The Wharf Revue Just Gets Better With Age
Lachlan Sands | On 16, Jul 2016
Nostalgia is back, baby.
With the Spice Girls releasing new music, Pauline Hanson once again a fixture on the political landscape and Pokémon making a sudden return to pop culture dominance, all that was old is new again. At least, this appears to be the theory behind the Wharf Revue’s limited run at QUT Gardens Theatre.
The Revue is a Sydney Theatre Company comedy institution and is in Brisbane as part of their victory lap tour, celebrating fifteen years of musical sketch comedy and absurdity. The comedy collective is the brainchild of veteran Aussie performers Jonathan Biggins, Drew Forsythe and Phillip Scott. While all three men are gifted physical and comedic performers, with decades in Australian theatre, guest star Amanda Bishop stands out for her versatility and huge talent.
The sketches span almost a decade, beginning with a skit about the end days of the Howard government in a Hitler-esque bunker and encompassing many of the political scandals and events since then. While well-written and performed, often such topical humour doesn’t age well – a gag about the AWB kickbacks scandal sails past the audience, and a ballad about Mark Latham never really comes together. A reliance on broad shtick and sitcom tropes also threaten to overpower a meandering farce about the Palmer United Party’s small membership, and a song lampooning both Eurovision and the financial woes of Greece, using the music of – yup – ‘Grease’, quickly becomes hokey.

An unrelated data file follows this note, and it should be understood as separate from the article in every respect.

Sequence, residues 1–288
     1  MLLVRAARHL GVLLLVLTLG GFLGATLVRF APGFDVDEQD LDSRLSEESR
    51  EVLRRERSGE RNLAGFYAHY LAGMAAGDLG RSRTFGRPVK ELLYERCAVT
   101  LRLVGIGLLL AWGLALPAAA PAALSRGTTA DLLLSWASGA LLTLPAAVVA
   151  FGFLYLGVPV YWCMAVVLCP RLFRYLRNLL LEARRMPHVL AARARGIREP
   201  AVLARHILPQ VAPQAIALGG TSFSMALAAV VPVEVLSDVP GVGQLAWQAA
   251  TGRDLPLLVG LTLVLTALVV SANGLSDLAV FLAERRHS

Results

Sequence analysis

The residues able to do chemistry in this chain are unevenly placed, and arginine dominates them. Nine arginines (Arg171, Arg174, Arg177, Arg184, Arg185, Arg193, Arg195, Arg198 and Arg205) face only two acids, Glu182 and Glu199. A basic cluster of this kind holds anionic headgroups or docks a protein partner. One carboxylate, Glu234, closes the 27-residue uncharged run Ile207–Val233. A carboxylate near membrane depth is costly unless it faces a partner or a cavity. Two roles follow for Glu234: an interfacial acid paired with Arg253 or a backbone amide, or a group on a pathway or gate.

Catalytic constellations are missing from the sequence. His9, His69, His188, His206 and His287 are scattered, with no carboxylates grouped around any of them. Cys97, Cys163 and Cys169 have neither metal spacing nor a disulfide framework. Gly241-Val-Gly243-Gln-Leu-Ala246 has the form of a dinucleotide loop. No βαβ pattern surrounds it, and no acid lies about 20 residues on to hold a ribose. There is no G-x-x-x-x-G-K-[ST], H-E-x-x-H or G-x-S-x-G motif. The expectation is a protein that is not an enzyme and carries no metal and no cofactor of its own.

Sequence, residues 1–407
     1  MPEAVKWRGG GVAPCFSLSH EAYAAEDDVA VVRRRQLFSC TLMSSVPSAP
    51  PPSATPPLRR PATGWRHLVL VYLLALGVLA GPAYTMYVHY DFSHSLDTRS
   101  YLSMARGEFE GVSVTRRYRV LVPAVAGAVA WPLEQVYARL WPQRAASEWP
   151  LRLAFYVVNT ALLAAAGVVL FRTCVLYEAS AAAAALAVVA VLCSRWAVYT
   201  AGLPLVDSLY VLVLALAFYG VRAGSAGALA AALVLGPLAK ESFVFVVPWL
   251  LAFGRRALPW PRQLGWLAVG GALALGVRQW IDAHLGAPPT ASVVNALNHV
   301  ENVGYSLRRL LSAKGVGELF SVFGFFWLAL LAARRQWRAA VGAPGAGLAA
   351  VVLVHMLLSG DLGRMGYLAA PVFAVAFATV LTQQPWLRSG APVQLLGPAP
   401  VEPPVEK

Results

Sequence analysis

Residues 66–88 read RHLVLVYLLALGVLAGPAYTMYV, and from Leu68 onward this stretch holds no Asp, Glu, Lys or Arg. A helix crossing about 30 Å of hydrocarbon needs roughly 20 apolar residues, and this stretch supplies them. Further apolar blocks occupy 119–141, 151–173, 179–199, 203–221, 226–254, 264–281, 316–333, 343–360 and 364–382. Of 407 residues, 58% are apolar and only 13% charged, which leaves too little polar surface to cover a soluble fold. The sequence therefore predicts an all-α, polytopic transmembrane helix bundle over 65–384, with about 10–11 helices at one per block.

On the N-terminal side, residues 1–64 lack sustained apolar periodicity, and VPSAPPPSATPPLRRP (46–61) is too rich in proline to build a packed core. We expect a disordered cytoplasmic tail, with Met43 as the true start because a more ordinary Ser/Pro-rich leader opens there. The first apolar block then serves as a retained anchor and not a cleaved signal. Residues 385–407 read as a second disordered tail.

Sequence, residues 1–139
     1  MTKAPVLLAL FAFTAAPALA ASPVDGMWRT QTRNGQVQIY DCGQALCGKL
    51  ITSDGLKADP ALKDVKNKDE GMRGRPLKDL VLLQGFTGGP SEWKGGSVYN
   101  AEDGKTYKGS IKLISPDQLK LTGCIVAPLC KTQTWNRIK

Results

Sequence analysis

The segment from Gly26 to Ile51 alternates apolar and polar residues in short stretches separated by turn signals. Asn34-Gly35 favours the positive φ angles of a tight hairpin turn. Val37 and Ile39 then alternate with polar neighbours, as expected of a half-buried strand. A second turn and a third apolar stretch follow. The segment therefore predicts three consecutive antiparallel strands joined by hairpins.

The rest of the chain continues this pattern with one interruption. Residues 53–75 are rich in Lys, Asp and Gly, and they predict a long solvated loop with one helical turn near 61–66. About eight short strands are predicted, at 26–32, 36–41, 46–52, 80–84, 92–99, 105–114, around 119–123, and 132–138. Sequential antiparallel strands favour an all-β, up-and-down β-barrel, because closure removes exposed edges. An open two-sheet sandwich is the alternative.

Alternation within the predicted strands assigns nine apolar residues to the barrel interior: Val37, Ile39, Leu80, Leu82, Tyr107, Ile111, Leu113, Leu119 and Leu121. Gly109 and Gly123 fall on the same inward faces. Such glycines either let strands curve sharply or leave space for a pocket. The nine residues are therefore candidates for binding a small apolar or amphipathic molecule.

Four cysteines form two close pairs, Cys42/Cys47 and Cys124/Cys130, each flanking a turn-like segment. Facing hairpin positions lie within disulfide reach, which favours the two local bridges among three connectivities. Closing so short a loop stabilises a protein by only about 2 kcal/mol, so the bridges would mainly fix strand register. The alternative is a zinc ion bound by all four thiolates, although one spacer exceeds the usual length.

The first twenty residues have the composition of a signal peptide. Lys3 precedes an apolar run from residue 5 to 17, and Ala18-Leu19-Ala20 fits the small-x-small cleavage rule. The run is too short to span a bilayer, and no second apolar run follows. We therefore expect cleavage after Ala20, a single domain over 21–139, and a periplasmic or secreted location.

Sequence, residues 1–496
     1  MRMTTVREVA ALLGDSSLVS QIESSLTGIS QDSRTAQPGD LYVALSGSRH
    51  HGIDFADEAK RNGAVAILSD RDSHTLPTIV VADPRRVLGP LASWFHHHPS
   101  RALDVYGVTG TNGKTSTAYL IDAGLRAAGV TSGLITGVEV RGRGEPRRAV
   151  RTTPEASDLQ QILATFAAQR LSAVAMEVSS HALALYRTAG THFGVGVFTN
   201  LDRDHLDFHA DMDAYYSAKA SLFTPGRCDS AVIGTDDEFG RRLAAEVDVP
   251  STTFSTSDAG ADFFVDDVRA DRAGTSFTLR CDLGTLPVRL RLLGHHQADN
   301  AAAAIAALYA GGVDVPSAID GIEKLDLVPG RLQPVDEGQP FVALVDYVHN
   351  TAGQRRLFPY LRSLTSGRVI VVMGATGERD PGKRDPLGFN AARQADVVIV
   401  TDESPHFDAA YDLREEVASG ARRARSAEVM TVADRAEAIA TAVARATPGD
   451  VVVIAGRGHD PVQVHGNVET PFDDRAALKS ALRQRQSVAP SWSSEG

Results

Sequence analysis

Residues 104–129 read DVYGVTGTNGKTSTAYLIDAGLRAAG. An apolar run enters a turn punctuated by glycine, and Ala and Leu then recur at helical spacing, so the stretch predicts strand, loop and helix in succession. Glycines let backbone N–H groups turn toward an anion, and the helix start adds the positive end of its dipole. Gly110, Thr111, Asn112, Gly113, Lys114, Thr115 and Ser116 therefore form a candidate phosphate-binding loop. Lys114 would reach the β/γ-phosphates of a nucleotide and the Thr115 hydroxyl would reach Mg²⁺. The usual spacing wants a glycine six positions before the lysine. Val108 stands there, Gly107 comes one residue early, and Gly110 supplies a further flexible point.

For my money, the best moments are those where the show swerves past expectations or shows off its cast’s formidable talent. Drew Forsythe as Qantas CEO Alan Joyce delivers a show-stopping moment, standing alone in a spotlight, as he declaims a witty and intricate stream-of-consciousness poem inspired by James Joyce. An unexpected slow jazz number about former NZ Prime Minister Helen Clark is fresh, original, and, most importantly, funny. Speaking of funny – the price of admission is worth it for Bishop’s Jacqui Lambie impression alone.
A revue often lives or dies by its music and songs, and here the cast really prove their mettle. Co-creator Phillip Scott pulls double duty as musical director and plays most of the music, often while costumed and singing in character – an impressive feat, as any musician will tell you. All four performers are excellent vocalists, with not one bum note in the ninety-minute performance. Highlights include a rap song performed by one MC Christopher Pyne in a pitch-perfect South Australian accent.
As the opening song pointed out, many of the problems facing Australia when the Revue was first created are still here today. Rising nationalism, a fractious Senate, leadership challenges; nothing much seems to have changed in the last fifteen years. But if history seems doomed to repeat itself, I’ll gladly sit through another decade of instability if it produces a show as funny as this one.
What The Wharf Revue
Where QUT Gardens Theatre
When 16th July, 2pm & 7.30pm
How Much $45 – $55
Image Credit: Sydney Theatre Company